Monday, September 24, 2012

Pants, metaphorical tsunamis, and my new gig

Too many adventures to write about, too little time! Let it be known that over the past few weeks, I have donned a variety of pants - literal, figurative, and otherwise. I've taken turns wearing my fancy pants, my mountain pants, my eating pants, and of course, my running shorts.

(Please note: If you're tired of reading about mountains and running, you can find a brief interlude from those themes buried in the middle of this entry: just look for Cee Lo Green!) 

So, two weekends ago, I went to Oregon with my friend Deby for yet another crewing/pacing gig. While Deby knocked out her umpteenth 100-miler this year, I tagged along for the road trip down to southern Oregon and a long weekend of rich conversations, glorious meals, evening hot-tubbing, and sleep-walking mountain miles.

The race, Pine to Palm, is Oregon's only 100-miler. After cruising for two days around the backcountry roads there to support Deby and the other runners, I'm definitely adding P2P to my Ultra Bucket List. Beautiful part of the country, great trails, tons of runnable single-track, thoroughly challenging course. The time cut-offs, unfortunately, were rather aggressive early in the race; paired with intense heat on a lot of exposed ridges and a couple aid stations running out of water, the conditions caused many runners to drop out in the first half of the race.

Strong, steady, and determined as always, though, Deby cruised through like a champ. A little before midnight on Saturday, I jumped in at Dutchman Peak to run the last 35 miles with her. The thin air in the Siskiyou mountains got to us quickly. Around 3 a.m., while trudging up a long section of service road, we both began drifting into walking sleep. It's the strangest sensation, to be moving, to drift off for a second or two, and come to stumbling along in the darkness...your legs still walking, but your mind completely shut down. We curled up on the side of the road for a short nap, but found neither of us could actually sleep - so we marched onward. When the sun came out, it proffered a welcome energy lift.

Perhaps the most amazing moment of the weekend came in the form of a kind stranger at the finish line, who let us borrow her car for several hours to go retrieve our own from Dutchman Peak. Prior to her generosity, we had hit a bit of a panic, realizing suddenly we were not on our home turf in Washington, where we're both accustomed to knowing a good chunk of the people there and could count on hitching a ride with someone. The two other runners and crews we knew had both dropped out in the middle of the night, so we were essentially stranded at the finish line, with no friends, no prospects, no money (left our wallets in our car at Dutchman!), no cell phone reception...and certainly no energy to backtrack 35 rugged miles on foot to get back to our own vehicle. Disaster! Thank goodness for the kindness and trust of strangers. We live in a good world.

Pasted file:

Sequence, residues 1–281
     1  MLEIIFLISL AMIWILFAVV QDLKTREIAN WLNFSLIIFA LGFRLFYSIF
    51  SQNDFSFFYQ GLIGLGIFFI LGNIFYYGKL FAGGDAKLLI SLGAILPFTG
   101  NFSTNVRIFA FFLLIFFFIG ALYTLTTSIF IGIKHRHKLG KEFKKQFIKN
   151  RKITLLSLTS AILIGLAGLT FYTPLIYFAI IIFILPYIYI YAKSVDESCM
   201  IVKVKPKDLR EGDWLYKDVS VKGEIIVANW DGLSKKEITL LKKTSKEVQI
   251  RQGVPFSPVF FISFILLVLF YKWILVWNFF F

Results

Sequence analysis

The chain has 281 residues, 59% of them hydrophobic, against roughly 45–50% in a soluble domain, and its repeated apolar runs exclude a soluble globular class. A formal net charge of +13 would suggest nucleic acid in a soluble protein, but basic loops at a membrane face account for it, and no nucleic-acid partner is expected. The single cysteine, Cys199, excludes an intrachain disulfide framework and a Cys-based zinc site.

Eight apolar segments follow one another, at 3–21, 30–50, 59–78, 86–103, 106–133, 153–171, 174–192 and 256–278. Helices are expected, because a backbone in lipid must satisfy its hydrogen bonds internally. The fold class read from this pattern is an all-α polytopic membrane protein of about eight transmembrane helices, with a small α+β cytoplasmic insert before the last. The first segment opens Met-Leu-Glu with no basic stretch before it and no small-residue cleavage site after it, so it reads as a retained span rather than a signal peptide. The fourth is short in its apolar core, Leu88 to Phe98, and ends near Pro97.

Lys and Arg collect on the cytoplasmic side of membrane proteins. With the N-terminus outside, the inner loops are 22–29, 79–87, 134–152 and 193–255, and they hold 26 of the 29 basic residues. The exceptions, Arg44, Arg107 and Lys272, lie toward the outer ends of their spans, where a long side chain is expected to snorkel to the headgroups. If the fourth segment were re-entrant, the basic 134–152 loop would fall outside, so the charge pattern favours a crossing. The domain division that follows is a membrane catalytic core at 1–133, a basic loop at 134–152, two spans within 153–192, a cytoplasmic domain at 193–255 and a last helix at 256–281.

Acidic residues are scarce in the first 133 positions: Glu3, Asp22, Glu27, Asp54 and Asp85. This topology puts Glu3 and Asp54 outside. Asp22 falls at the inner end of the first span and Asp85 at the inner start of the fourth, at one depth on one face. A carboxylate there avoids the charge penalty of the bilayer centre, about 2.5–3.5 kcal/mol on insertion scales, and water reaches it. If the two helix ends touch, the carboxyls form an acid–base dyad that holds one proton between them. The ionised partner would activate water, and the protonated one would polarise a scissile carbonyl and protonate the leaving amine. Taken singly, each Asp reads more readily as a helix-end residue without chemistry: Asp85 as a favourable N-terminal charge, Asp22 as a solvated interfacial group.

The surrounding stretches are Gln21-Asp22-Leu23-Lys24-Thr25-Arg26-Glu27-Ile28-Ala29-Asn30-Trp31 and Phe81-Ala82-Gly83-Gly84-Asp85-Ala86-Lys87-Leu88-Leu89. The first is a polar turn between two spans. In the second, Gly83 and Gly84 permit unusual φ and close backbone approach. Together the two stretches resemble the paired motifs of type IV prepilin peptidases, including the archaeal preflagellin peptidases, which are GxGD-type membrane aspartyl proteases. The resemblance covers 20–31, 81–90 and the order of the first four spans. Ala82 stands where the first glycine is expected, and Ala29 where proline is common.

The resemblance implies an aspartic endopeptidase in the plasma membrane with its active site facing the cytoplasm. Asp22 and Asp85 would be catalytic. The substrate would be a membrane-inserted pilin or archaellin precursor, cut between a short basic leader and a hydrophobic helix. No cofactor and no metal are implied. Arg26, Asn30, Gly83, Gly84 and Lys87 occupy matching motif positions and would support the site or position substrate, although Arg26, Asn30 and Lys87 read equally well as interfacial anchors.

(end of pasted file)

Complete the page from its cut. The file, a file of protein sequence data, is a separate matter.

All the time I've been spending doing this sleep-deprived rambling around in the mountains has been good processing time for my little heart. 2012 has undoubtedly cast some tidal waves of change in my direction. Metaphorical tsunamis, for better or worse, require a good amount of energy to handle.

As many of you know, I recently accepted a new communications job with a mobile start-up. It was a difficult decision to leave REI, as for 3+ years it's been an absolutely amazing company to work for. Ultimately though, I'm really excited about this new opportunity to further develop my skill set - and hopefully make a bigger impact than I felt capable of making in my old role.

I wake up every day with new tasks to tackle, whether they be drafting letters, writing video scripts, designing newsletters, or in the case of last Friday afternoon - greeting, schmoozing with, and being the face of my company for 400+ members from all over the country. I met good folks from New Orleans, Tulsa, Salt Lake, New Jersey, Puerto Rico, and beyond. Really cool experience. Then jetted over to Seattle's EMP in the evening for our official launch party...rocking out to Cee Lo, scarfing hors d'oeuvres, and sipping Sprites at the open bar like the classy lady I am.

But putting on my fancy pants (or dress, as it were) didn't prevent me from totally shifting gears and donning my mountain pants again at 7 a.m. the following morning.

We've had a truly beautiful summer here in the Northwest. 40 consecutive days without rain, and more sunny, blue-skied, 70-degree days than I could count. It's a shame to reach mid-September without having tromped around even once in the stunning North Cascades - so this weekend, with the help of my new friend Steve, I rectified that. There was a tremendous amount of fog, but happily, we enjoyed the little island paradise of Mt. Forgotten, rising above it all at 6000 feet.

It was a rigorous hike that began in deep fog - but the upshot was getting the mountain (true to its name!) all to ourselves. We ditched our packs for several little exploratory scrambles around. Tasty Ramen mash, mountaintop Scrabble, and cliff-side naps in the sunshine sweetened the whole experience. Not to mention obligatory post-hike milkshakes.

North Cascades for the win.

And...I like my life! Thank you to all who continue to make it a good one.


  1. Such a busy, happy girl! So glad I could share P2P with you it was so much fun having your support. Glad your hike went well and the live party, I think about you every time I see Cee-Lo on the Voice.

  2. I love your blog! :0) waiting for IMTUF RR.... :)